Again and again, however, such confusion causes people who should know better to decide that, because they have located some pervasive superstructural pattern (a prevalence of petty street crime in neighborhood X, say), superstructure here is actually producing all the visible infrastructural changes (“There was an influx of Puerto Ricans in neighborhood X, and a subsequent rise in drugs and petty street crimes; because of this, eventually the neighborhood was driven down till it became an all but abandoned slum where nobody, not even the Puerto Ricans, would live anymore . . .”), when, at the infrastructural level, what has actually happened is that landlords-as-a-class have realized that the older buildings in neighborhood X require more maintenance and thus a greater expenditure, so that they concentrate all their economic interest on newer properties with larger living units in neighborhood Y to the east, which is popular with young white upwardly mobile executives. The result is the decline of neighborhood X, of which street crime, drugs, and so on are only a symptom—though, as superstructural elements, those symptoms stabilize (i.e., help to assure) that decline and combat any small local attempts to reverse it by less than a major infrastructural change.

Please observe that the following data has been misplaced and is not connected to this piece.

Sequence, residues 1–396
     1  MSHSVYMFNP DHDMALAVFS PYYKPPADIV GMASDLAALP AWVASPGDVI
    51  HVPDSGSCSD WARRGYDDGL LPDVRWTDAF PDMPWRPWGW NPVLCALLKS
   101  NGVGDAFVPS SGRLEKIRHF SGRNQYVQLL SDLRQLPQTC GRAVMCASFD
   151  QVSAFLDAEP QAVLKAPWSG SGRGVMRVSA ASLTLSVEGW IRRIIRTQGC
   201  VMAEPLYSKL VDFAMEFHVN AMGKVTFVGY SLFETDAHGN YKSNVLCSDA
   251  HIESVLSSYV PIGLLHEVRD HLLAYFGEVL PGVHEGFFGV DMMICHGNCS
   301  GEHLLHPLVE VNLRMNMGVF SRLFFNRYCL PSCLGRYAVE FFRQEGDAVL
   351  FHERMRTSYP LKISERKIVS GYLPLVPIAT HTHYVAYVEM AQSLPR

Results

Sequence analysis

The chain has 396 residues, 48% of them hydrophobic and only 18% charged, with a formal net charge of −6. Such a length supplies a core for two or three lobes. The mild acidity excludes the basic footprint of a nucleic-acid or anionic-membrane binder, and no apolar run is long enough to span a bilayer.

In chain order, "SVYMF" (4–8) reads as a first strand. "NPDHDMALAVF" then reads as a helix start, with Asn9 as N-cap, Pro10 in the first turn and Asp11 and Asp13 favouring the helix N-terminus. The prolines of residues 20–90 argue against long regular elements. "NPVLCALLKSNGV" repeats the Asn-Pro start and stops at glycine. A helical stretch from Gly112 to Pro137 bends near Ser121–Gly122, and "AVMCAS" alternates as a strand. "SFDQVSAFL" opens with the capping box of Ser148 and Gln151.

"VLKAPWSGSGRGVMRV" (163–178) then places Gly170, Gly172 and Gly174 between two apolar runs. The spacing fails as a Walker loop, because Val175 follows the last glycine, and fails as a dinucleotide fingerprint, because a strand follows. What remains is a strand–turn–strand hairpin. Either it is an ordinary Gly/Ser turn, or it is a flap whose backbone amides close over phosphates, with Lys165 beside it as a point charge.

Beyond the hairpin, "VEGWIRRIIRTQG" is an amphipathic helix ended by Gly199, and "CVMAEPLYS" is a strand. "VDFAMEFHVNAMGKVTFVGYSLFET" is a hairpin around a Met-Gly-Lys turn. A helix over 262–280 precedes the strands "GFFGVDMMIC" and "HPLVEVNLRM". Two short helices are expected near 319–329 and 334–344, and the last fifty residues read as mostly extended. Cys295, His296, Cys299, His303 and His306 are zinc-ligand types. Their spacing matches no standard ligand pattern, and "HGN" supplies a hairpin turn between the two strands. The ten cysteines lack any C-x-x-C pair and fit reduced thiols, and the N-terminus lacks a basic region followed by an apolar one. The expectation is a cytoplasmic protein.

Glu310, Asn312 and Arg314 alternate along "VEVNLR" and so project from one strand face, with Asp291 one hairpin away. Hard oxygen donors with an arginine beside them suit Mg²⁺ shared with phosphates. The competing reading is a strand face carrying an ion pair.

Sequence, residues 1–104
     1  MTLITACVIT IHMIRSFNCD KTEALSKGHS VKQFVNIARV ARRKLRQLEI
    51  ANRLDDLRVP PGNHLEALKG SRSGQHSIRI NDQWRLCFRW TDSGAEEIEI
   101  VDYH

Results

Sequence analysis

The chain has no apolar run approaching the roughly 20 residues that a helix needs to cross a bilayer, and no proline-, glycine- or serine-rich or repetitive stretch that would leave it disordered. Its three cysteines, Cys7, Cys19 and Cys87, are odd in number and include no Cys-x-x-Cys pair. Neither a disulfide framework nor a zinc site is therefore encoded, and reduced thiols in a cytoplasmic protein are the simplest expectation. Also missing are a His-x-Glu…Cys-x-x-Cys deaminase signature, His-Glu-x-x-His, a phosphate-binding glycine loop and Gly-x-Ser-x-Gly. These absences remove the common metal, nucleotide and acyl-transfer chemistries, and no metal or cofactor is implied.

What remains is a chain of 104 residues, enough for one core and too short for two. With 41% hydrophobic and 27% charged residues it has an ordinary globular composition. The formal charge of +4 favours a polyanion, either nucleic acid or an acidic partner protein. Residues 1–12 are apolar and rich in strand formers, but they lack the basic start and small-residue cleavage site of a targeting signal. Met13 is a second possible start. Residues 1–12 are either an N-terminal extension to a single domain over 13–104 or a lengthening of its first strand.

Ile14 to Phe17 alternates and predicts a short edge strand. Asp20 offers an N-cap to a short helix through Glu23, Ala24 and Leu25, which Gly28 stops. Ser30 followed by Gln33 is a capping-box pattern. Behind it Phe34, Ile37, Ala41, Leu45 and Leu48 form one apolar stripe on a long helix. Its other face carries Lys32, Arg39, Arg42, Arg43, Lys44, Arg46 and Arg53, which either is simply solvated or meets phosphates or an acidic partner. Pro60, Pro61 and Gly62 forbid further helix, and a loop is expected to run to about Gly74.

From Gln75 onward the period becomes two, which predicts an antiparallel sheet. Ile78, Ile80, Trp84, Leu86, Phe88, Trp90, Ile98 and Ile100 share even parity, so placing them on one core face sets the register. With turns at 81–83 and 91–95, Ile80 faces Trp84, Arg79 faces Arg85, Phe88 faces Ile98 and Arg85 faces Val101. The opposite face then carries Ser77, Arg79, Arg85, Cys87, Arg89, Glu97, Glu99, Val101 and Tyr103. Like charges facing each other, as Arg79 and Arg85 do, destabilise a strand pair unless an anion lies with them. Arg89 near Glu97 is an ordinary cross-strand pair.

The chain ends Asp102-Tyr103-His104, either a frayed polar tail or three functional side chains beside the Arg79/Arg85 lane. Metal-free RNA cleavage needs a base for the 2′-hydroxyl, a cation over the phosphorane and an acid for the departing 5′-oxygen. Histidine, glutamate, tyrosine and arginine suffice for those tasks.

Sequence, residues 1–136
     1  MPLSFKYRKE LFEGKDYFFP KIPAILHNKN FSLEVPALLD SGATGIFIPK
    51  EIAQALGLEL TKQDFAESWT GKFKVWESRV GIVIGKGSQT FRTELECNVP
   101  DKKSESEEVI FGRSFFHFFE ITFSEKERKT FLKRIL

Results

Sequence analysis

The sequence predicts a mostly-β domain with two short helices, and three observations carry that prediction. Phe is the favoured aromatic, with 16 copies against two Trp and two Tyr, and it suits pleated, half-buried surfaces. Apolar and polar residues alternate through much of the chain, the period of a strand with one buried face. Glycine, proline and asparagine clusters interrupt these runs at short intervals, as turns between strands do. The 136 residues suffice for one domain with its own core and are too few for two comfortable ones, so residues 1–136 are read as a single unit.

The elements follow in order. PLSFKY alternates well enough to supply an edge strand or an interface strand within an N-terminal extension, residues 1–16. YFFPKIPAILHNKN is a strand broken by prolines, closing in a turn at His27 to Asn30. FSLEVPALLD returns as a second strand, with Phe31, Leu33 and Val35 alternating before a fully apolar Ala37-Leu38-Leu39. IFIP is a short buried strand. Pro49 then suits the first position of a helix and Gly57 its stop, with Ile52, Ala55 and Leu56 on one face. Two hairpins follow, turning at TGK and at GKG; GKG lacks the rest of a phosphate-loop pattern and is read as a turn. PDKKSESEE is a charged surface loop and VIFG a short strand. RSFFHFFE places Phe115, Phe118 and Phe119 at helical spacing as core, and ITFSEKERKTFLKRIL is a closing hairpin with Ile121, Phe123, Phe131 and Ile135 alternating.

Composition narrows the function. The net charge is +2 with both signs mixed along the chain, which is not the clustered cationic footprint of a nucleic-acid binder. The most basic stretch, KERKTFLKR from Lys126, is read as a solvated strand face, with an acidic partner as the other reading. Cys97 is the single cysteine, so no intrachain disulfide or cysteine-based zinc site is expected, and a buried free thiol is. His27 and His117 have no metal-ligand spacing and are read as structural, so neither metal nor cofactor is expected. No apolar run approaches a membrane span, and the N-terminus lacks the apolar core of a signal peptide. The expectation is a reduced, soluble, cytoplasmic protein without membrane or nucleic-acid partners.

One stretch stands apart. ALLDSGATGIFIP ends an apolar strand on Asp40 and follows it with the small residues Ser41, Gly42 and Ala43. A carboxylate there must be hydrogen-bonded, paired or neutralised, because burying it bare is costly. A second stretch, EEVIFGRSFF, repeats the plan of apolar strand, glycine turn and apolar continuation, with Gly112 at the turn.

Samuel R. Delany, Times Square Red, Times Square Blue, p. 163.